I don’t believe this was intentional, the IS attack was a surprise. Interestingly, IS used 3 robotically controlled vehicle borne improvised explosive devices (VBIEDs) to start the attack. It was also the first time the US used the Apaches in combat too.

  7. rich

    Private equity titans warn attendees to expect lower returns
    “It’s tough out there,” Mr. Black said.

    Even so, Apollo invested $5 billion in private equity — $3 billion from funds and $2 billion from co-investments — in the first quarter, he noted.

    Mr. Nelson said that Providence Equity executives focus on companies likely to grow faster than gross domestic product.

    “’Priced to perfection’ is a nice way of saying overpriced,” Mr. Nelson said.

    The presidential election is also a factor in the private equity market, Mr. Rubenstein said.

    The markets have “built in a presumption that Hillary Clinton wins” the presidency, Mr. Rubenstein said; if another candidate wins, the markets will be “spooked.”

    Meanwhile, private equity returns that had been an average of 15% historically are down to 12%, Mr. Rubenstein said: “I suspect that is where returns will stay.”

    Most private equity firms already have sold all the companies they can over the past two years, Mr. Black said.

    “We are at the planting and building stage” which means distributions will be lower than in the past few years, Mr. Black said.

    All the panelists agreed that sovereign wealth funds are changing the private equity landscape.

    Public pension funds are not as significant investors now as sovereign wealth funds, which are committing more capital than general partners have ever gotten before, Mr. Rubenstein said.

    Sovereign wealth funds “want an enormous amount of co-investment,” and are happier with lower returns than other types of investors like public pension funds, Mr. Rubenstein said.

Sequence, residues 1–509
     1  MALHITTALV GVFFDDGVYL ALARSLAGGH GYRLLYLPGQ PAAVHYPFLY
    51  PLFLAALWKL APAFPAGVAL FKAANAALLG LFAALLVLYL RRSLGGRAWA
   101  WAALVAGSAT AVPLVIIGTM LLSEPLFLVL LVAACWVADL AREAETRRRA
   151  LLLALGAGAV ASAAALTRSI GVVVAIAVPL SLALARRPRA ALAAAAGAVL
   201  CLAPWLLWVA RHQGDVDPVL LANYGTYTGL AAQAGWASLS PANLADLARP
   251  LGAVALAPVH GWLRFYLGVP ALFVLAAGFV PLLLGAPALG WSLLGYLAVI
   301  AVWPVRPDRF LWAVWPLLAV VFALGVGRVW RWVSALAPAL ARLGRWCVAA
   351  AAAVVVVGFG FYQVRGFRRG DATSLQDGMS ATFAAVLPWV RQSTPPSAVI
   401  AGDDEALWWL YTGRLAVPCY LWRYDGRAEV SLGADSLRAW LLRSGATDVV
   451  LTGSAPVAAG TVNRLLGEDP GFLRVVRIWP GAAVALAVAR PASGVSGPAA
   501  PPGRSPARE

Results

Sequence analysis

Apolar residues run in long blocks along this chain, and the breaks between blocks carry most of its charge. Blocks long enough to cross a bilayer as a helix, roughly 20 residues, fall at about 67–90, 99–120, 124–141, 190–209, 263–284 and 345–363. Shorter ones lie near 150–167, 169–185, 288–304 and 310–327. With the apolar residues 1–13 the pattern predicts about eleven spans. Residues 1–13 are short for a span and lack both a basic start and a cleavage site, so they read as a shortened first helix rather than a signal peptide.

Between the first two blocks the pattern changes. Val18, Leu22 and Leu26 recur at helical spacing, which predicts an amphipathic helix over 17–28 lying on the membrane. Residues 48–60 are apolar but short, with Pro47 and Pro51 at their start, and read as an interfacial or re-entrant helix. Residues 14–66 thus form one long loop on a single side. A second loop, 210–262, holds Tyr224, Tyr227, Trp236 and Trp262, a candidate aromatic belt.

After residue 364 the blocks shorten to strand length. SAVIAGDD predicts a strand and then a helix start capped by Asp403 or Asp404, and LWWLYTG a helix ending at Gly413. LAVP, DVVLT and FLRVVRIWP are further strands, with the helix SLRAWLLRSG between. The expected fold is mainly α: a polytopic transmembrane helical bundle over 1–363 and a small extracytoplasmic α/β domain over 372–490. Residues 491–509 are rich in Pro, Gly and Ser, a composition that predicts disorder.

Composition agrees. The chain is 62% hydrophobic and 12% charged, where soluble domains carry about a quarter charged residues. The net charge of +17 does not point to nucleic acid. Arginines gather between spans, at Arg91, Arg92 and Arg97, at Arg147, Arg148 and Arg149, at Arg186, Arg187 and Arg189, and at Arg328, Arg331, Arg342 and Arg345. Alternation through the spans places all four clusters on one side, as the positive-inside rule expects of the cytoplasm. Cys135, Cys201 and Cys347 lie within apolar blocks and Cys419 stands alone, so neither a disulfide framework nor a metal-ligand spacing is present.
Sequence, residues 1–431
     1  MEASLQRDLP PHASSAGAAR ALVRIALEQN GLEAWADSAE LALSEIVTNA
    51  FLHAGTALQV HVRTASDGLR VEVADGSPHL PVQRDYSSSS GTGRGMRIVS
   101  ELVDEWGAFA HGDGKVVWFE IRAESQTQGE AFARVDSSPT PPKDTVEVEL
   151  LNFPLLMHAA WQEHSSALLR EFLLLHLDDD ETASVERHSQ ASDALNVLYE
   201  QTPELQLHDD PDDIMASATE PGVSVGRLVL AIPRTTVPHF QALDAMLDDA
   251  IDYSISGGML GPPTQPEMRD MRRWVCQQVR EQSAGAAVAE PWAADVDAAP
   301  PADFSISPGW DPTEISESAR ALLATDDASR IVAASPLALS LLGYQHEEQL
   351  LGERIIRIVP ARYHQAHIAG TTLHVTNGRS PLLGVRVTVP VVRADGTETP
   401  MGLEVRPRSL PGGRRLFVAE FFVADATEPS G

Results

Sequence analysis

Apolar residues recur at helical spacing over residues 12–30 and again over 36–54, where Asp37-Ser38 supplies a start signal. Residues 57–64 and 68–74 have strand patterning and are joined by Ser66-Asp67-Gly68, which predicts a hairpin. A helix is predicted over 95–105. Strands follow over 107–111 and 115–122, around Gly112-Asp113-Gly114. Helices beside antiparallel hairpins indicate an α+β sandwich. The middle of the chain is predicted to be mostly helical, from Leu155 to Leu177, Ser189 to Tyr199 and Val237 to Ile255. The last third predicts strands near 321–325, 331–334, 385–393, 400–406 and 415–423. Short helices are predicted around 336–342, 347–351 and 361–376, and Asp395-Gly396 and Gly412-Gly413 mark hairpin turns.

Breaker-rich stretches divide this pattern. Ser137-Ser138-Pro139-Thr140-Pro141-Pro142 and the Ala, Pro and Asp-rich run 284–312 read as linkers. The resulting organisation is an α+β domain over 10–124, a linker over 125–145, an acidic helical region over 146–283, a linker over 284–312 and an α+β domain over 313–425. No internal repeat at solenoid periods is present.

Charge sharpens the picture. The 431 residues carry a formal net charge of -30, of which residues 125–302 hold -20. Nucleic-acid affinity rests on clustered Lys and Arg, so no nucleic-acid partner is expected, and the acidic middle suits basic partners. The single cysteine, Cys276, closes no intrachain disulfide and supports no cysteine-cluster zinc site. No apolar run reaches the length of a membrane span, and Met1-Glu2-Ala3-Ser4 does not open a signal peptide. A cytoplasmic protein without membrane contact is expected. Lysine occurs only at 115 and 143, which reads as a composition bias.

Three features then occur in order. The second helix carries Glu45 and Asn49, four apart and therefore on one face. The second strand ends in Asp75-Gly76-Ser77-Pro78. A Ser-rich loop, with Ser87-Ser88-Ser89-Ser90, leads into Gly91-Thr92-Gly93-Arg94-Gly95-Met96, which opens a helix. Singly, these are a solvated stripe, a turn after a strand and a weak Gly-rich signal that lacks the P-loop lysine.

1. Synoia

        We are at the planting and building stage

        Pillage and loot has limits? Who could have known?

  8. the blame/e

    About the Iowa cartoonist that got fired. The point here is how you can either have your “free speech” (which means STFU), or you can have your job. The cartoonist’s editor, Monsanto, Dupont Pioneer, and John Deere have already won the argument. Now go away John Friday, starve to death and leave the rest of us alone. Just saying. Since when did drawing the face of Citizens United draw the same consequences as drawing the face of some God? Pathetic.

    1. diptherio

      I addressed this general issue in a recent blog, although I had some other examples in mind when I wrote it. The biggest threat to civil liberties comes not from the government, but from our fellow citizens.

      Political equality as codified in the Bill of Rights means very little if we do not live that equality out in our daily lives, which means making a committment to support our allies in expressing and living out their freedoms, whatever particular form that might take.

      Let’s hope there is a backlash by the public, supporting this guy. He definitely deserves it.

    2. ambrit

      Drawing my own conclusions draws me to the conclusion that Capitalism’s God is “Money.” Drawing the ‘Face’ of Money will get you put in prison in about every nation in the world.

  9. the blame/e

    Not mentioned in today’s very good list of recent developments was Reuters’ stirring the pot. China has requested that Americans “think rationally” about the consequences of voting for Trump might be, and what a Trump presidency might mean to the relationship between China and the U.S.

    First of all, China warning the American people about who they choose for a president almost guarantees a Trump win; if you are still so inclined as to believe that voting has anything to do with it, anymore.

    More importantly, as an American, it was my belief that having to buy all the stuff that use to be “Made In America” from the Chinese, was consequence enough.